- Associated Press - Thursday, September 8, 2016

FRANKFORT, Ky. (AP) - Some of Kentucky’s top Democrats rallied around a vulnerable House member on Thursday as he introduced a bill that would exempt some veterans groups from state property taxes.

Chuck Tackett won a special election in March, a big win for Democrats in Republican-heavy Scott County. Tackett replaced Republican Rep. Ryan Quarles, who resigned after he was elected as state Agriculture Commissioner.

But now Tackett is on the ballot again in November, when a series of elections across the state will determine which political party controls the House of Representatives. Republicans have not had a majority since 1920, meaning the Kentucky House of Representatives is the last legislative chamber in the South still controlled by Democrats.

Thursday marked the first time Tackett has filed legislation as a member of the House of Representatives. His bill, BR 110 , would amend the state’s constitution to allow some veterans groups, such as the Veterans of Foreign Wars, to be exempt from state property taxes if they also are exempt from federal income taxes.

“VFW … is a gathering place of our veterans. We’re here today because they were there when we needed them,” Tackett said. “They made America the country it is today and kept it safe.”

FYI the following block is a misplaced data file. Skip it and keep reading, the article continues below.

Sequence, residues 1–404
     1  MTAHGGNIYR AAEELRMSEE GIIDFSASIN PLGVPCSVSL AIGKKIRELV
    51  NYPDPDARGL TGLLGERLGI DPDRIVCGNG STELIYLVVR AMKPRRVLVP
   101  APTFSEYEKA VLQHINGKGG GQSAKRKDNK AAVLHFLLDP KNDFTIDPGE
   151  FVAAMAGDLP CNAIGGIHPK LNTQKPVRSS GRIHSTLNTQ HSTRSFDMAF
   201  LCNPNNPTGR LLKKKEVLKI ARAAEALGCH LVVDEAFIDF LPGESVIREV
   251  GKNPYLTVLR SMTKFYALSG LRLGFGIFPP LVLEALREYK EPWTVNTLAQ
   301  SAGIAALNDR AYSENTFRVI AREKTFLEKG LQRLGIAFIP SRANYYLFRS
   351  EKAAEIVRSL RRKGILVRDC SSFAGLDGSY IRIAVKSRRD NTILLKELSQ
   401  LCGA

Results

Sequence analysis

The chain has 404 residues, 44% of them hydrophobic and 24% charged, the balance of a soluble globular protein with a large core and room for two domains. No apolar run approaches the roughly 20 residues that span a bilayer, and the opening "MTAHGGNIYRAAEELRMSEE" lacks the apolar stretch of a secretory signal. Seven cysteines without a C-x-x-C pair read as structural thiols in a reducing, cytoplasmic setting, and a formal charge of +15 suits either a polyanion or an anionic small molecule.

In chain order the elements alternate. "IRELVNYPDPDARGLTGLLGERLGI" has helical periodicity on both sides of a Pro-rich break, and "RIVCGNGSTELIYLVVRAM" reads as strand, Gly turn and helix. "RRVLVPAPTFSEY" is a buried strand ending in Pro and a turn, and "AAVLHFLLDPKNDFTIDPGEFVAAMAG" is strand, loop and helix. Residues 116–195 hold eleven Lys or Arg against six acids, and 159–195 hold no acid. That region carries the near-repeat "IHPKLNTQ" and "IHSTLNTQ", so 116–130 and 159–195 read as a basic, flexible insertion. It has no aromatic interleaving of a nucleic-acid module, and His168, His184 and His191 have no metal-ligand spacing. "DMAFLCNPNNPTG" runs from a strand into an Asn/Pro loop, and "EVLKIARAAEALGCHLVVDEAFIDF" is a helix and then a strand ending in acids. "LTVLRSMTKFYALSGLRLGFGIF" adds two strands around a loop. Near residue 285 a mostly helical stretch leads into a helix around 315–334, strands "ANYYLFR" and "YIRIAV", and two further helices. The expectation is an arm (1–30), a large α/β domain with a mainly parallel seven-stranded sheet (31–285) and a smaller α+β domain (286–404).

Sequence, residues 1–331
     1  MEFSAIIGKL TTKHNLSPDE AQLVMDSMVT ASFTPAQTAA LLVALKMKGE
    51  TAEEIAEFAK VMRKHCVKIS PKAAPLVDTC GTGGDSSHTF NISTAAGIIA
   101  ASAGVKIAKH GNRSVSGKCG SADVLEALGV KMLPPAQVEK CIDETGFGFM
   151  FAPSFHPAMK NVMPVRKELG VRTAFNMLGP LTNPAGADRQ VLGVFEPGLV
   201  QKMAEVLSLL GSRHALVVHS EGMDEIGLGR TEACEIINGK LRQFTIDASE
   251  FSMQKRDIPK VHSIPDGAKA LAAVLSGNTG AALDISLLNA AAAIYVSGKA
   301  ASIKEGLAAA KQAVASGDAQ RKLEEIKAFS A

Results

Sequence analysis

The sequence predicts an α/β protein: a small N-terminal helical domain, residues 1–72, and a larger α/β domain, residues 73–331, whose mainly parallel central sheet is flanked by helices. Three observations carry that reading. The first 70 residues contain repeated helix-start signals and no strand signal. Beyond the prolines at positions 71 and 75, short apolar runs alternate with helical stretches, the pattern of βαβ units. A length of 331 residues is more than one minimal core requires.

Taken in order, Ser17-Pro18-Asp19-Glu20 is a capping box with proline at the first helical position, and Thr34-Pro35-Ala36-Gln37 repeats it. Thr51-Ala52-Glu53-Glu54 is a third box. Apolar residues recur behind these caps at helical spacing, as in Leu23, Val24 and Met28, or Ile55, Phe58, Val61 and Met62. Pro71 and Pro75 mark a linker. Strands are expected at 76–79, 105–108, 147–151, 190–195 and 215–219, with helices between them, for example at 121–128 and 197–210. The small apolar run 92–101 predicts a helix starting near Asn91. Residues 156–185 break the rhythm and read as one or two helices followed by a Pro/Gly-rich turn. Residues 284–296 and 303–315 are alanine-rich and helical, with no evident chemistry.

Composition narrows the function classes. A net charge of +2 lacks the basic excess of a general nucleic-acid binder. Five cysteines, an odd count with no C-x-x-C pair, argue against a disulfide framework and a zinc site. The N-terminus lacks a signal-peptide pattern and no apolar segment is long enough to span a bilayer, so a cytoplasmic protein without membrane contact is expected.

The state legislature is not scheduled to convene again until January. If lawmakers pass the bill, it would still need to be approved by voters in a referendum, most likely in November 2018.

Tackett made the announcement at the Frankfort VFW Post. He was joined by some of the top elected Democrats in the House, including Speaker Greg Stumbo, state Party chairwoman Rep. Sannie Overly and Rick Rand, the chairman of the powerful Appropriations and Revenue Committee.

Stumbo asked Tackett for permission to co-sponsor the bill in honor of a World War II veteran from Floyd County who died recently.

“If we’re all back and we occupy the same seats we do now, you’ll get a full and expedient hearing,” Stumbo said.

Tackett faces Republican Phillip Pratt in November, the same candidate he defeated in the special election in March. But turnout for the November general election, which will include the presidential race, is likely to be much higher than the special election in March. Republican presidential nominee Donald Trump is projected to win Kentucky, which could give Republicans in down ballot races a boost.

“While the goals of the bill are laudable, the press conference was clearly meant to distract the voters of Scott and Owen County from the fact Chuck Tackett violated his campaign pledge of independence and voted lockstep with Democratic House Leadership,” Pratt said in a news release.

Tackett said Trump has not had an impact on his campaign so far.

“I’m running my own race on who I am, what I have done, what I can do,” he said. “I don’t want to be someone somebody else wants me to be.”

Democrats have weathered Republican elections before. In 2014, Democrats maintained their majority in the state House of Representatives despite Republican U.S. Sen. Mitch McConnell winning re-election by 15.5 percentage points.

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